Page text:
Why Your Small Business Needs a Privacy Policy

by QuickBooks

2 min read

Having a privacy policy can protect your small business from potential pitfalls and give it a competitive edge.

Consumer privacy concerns affect businesses large and small, says Chris Babel, CEO of TRUSTe. Just look at what happened with the startup Path, which in February was fined $800,000 by the Federal Trade Commission for storing the private data of underage users. (Path took a pretty big public relations hit, too.)

TRUSTe develops technology to help organizations assess and develop privacy policies for their websites and mobile apps. RocketLawyer or an attorney can also assist you with drawing up a privacy policy, or you can get started with some basic guidelines from the Better Business Bureau.

Developing a Privacy Policy

No matter how you go about it, developing a privacy policy can protect your business legally and help you better communicate with your customers. A typical policy contains information about which data you collect, how that data may be used, how customers can contact you and control their personal data, and what steps you’re taking to protect their data. This helps to reassure your customers that you take their privacy seriously.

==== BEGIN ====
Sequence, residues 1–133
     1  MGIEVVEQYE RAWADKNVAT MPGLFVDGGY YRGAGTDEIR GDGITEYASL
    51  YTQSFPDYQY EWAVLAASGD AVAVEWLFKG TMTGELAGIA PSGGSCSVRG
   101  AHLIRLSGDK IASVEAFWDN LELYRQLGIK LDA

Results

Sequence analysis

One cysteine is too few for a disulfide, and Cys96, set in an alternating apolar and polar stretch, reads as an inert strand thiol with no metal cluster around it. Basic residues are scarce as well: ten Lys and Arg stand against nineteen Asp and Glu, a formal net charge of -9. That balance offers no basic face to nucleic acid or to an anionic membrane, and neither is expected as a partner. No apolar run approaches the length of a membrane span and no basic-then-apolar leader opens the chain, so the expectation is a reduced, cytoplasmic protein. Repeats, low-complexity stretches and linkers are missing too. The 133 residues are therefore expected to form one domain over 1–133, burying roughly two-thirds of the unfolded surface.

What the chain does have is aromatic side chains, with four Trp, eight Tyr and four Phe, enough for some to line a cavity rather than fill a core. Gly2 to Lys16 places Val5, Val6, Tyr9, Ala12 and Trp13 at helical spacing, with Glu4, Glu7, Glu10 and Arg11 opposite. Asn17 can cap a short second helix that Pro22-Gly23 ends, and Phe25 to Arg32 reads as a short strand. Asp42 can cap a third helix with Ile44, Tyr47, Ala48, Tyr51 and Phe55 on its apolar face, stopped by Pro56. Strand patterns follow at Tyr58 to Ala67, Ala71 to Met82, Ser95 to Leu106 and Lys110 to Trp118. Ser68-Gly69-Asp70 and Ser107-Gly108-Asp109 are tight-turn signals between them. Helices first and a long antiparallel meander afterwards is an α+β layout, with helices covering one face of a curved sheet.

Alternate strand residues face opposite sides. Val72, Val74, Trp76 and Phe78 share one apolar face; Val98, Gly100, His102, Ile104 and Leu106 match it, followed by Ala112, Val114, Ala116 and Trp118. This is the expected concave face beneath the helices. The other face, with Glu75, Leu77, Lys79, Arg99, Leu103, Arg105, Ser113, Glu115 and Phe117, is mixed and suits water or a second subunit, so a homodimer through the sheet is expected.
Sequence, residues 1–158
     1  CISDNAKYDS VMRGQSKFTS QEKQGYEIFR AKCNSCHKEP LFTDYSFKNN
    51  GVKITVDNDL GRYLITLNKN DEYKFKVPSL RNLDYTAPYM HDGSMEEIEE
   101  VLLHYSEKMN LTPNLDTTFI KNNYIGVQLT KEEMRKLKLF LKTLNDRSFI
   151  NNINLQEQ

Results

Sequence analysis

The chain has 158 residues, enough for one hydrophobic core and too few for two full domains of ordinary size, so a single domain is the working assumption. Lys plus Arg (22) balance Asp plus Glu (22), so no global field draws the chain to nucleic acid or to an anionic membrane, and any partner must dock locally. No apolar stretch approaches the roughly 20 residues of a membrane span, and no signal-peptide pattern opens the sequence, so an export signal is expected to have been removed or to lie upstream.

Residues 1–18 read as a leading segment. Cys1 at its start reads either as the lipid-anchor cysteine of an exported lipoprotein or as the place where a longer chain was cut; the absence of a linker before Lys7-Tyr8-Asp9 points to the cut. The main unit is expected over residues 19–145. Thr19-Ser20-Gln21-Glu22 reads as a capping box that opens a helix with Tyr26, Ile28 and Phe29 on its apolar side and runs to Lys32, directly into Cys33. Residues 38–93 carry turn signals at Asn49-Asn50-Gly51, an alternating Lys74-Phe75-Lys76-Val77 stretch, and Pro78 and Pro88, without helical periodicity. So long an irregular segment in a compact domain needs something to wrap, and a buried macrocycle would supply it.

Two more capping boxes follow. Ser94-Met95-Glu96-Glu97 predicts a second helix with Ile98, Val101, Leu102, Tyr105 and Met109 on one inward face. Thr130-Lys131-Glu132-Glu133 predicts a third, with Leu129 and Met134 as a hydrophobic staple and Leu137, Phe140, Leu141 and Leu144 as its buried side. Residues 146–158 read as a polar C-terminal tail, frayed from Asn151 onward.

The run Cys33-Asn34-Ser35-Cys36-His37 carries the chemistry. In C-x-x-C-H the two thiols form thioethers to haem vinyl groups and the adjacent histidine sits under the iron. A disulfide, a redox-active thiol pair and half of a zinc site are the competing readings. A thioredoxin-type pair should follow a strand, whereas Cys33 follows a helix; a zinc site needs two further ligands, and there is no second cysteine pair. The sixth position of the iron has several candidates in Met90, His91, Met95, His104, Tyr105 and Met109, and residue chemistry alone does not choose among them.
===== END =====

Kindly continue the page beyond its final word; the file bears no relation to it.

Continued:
Showing customers that your business cares about privacy can also give your business a competitive edge. Consumers, after all, are increasingly wary of how much data businesses collect about them — and just what happens to it. In a survey by Consumer Reports, 71 percent of respondents said they are very concerned about companies selling or sharing personal information about them without permission.

Avoiding Legal Trouble

Still think online privacy is not much of an issue for your small business? If you run Google AdSense or Analytics on your website, as many small businesses do, then you’re likely collecting and sharing customer data in some way, since Google uses cookies to track ad views. “Most small businesses screw that one up, because they don’t know Google does that,” Babel says.

Small businesses that offer mobile apps should make privacy a priority. Why? In California, state Attorney General Kamala Harris has vowed to be tough on mobile app developers. Last October, she sent warnings to 100 companies that failed to comply with the state’s online privacy laws. In January, Harris issued a set of guidelines for mobile app developers to help protect consumers and their personal information. Meanwhile, on a national level, the White House and the Federal Trade Commission are developing a framework for consumer privacy.

In addition to drafting a privacy policy, consider taking these steps to build trust online with your customers.

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